Articles

Case study: Rabbi Yehuda Fried* is a rebbi with eight children and an annual salary of $50,000. Out of the $50k he earns, Rabbi Fried receives $10k in the form of parsonage. (Parsonage is a tax benefit given to clergy members. Money designated as parsonage may be used for housing expenses only – rent, mortgage, remodeling, etc.) As an added benefit, his yeshiva also gives him a tuition credit of $7,000 to be used towards his children’s tuition.  Additionally, he receives approximately $10,000 a year from various friends and relatives to help him cover the expenses related to yomim tovim and family simchos.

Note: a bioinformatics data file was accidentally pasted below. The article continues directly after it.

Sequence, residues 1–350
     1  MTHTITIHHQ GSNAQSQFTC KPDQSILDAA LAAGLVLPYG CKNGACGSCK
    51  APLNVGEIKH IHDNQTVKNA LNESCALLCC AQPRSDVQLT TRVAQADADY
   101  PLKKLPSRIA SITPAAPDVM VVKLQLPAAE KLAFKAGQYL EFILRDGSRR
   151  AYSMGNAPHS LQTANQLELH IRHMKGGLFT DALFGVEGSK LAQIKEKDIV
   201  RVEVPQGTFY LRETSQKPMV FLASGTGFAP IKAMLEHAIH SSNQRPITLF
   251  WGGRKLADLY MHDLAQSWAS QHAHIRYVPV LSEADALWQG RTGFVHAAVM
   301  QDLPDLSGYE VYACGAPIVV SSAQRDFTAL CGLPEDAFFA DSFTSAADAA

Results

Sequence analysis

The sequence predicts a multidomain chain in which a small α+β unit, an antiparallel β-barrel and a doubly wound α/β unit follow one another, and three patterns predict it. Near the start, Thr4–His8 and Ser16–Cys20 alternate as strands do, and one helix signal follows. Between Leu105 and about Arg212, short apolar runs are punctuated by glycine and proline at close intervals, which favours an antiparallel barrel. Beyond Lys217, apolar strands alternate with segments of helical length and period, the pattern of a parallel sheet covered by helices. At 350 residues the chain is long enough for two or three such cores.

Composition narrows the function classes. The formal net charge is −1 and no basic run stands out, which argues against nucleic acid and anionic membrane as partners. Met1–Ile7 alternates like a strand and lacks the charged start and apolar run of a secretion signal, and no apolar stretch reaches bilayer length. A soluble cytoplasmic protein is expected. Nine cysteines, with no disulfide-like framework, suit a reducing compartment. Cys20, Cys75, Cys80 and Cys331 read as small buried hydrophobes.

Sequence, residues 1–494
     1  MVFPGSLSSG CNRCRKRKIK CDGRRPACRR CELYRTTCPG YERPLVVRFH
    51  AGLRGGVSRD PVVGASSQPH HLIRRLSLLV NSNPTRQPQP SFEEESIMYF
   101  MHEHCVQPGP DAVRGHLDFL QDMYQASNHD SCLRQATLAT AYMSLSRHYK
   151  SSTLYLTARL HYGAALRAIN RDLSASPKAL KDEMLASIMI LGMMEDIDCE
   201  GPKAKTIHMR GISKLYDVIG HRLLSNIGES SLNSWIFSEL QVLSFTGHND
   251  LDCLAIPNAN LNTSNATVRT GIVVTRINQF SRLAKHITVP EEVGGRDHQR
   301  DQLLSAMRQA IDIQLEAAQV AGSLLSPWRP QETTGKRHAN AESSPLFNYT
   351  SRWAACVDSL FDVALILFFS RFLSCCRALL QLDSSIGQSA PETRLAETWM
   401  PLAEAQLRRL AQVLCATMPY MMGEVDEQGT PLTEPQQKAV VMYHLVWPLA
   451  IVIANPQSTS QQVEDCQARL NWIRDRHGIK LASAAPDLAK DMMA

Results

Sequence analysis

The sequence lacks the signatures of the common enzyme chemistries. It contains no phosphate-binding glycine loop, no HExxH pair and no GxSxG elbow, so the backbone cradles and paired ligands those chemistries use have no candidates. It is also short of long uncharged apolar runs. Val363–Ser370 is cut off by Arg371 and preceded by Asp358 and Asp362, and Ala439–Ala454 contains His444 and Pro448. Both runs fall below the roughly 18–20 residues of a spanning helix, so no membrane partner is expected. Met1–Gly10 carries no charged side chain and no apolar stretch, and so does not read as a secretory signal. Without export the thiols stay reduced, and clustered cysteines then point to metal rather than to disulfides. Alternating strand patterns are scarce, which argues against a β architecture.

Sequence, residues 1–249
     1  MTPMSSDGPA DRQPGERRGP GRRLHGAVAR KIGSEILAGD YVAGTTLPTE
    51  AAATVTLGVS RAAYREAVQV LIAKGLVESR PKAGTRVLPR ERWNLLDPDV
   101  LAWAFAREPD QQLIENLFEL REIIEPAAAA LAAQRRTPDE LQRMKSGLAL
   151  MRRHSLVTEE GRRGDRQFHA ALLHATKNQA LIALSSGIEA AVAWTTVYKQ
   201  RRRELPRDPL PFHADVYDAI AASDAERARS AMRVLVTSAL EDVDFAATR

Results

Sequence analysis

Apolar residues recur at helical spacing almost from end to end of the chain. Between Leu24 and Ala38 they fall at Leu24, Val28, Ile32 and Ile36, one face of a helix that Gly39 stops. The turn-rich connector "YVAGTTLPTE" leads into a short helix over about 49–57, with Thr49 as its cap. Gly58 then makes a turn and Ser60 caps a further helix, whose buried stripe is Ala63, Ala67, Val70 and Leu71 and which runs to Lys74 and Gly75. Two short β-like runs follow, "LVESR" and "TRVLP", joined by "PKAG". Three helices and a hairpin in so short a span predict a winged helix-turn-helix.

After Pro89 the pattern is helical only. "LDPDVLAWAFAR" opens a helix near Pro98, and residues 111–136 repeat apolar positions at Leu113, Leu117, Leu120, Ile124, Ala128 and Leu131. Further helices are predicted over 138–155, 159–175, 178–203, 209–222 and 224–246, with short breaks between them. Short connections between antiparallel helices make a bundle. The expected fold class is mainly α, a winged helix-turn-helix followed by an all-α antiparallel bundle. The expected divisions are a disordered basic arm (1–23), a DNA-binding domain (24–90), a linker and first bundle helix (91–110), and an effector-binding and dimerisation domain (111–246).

Question: What portion of Rabbi Fried’s income is counted as far as government program eligibility is concerned?

Answer: Rabbi Fried’s base salary is obviously considered income. However, there are three areas of ambiguity that must be clarified when reviewing Rabbi Fried’s case. Those are: the money he receives as parsonage, the $10k he receives from his relatives as charity, and the tuition benefit from his yeshiva.